To protect nesting females ( in particular hawksbill turtles) and their eggs from poachers, we are conducting nightly patrols throughout the nesting season. We stay with the females until she has returned to the water and we relocate their nests to safer spots if necessary and camouflage those nests that are left natural. We mark each turtle (except the hatchlings) with flipper tags and if funds allow, internal passive transponder tags (PITs) to estimate population size and we further collect data on the reproductive output and health of the population. At the end of each nesting season, we are excavating the nests that were laid and estimate the hatching success and the numbers of hatchlings (babies) produced.


To study the sea turtles that are feeding in the coral reefs and seagrass beds within the Gandoca-Manzanillo Wildlife Refuge, we conduct in-water surveys throughout the year. We use entanglement nets or hand-captures to catch sea turtles. We then mark them and measure them before we release them back into the water.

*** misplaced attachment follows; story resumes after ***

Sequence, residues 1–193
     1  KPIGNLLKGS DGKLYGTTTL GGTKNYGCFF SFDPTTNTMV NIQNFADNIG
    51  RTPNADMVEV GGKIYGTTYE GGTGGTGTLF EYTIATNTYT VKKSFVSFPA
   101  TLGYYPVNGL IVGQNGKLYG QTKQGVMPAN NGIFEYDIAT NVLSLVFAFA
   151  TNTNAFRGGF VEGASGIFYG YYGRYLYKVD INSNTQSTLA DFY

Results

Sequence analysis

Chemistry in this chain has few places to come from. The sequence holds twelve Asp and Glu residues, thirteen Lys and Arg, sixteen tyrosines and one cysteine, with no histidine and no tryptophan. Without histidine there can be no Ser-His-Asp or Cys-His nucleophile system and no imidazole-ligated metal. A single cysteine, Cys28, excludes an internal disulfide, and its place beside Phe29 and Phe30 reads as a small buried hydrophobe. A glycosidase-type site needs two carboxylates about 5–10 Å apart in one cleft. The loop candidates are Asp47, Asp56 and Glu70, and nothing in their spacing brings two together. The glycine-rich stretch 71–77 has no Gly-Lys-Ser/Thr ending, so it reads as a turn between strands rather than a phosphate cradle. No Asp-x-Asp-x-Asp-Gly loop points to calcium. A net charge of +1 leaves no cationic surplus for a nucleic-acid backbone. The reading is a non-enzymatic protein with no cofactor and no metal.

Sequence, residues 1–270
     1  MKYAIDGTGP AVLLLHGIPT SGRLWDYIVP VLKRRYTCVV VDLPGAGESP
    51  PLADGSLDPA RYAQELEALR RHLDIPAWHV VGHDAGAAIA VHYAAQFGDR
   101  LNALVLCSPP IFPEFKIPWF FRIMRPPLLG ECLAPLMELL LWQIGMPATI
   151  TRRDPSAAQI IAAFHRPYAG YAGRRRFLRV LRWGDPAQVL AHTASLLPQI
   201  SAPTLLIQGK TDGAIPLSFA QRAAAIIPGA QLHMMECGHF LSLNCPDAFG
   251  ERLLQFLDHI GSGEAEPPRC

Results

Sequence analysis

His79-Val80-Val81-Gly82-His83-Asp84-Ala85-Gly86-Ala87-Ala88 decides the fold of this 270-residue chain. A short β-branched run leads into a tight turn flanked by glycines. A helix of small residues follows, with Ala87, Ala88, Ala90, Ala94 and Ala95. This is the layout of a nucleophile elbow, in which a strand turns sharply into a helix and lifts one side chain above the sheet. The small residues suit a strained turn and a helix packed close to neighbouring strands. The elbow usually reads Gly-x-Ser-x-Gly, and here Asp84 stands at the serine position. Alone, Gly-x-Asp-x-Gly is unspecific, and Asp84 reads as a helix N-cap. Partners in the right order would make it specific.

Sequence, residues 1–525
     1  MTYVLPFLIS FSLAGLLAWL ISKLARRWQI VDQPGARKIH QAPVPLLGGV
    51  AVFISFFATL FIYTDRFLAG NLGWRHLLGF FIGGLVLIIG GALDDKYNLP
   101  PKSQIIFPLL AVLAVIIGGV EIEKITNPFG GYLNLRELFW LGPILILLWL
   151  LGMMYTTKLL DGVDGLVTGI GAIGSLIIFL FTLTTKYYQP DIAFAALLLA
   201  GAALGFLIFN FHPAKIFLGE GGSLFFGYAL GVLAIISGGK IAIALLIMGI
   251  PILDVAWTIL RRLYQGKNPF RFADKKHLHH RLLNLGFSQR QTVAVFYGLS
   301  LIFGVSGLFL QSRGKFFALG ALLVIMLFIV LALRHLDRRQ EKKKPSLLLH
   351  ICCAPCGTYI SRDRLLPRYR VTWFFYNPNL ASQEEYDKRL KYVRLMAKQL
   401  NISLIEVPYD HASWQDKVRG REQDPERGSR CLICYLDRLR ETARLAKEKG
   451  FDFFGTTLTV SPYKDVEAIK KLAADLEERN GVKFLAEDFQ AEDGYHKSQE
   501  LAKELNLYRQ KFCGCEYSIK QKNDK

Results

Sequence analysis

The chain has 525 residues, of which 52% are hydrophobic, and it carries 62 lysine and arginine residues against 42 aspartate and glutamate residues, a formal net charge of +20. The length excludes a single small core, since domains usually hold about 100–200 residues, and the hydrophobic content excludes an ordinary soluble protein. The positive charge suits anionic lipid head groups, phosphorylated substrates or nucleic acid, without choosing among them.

To study the in-water movements of our sea turtle populations, we apply satellite transmitters to a subset of individuals (nesting females and turtles captured in-water) to follow their travels during the nesting season, as well as post-nesting and on their feeding migrations.


To guarantee the safety of sea turtles and their eggs and prevent their poaching in future, we want to achieve a true cultural change in the way how local communities think of sea turtles and how they interact with them. To accomplish this, we are engaging in environmental education of the next generation and are also organising capacity building activities to encourage different ways of income.


To create alternative income for the communities of Gandoca and Manzanillo, and to discourage the exploitive use of sea turtles, we support touristic activities related to sea turtles (tours and volunteering), as well as ecotourism related to community development and agriculture.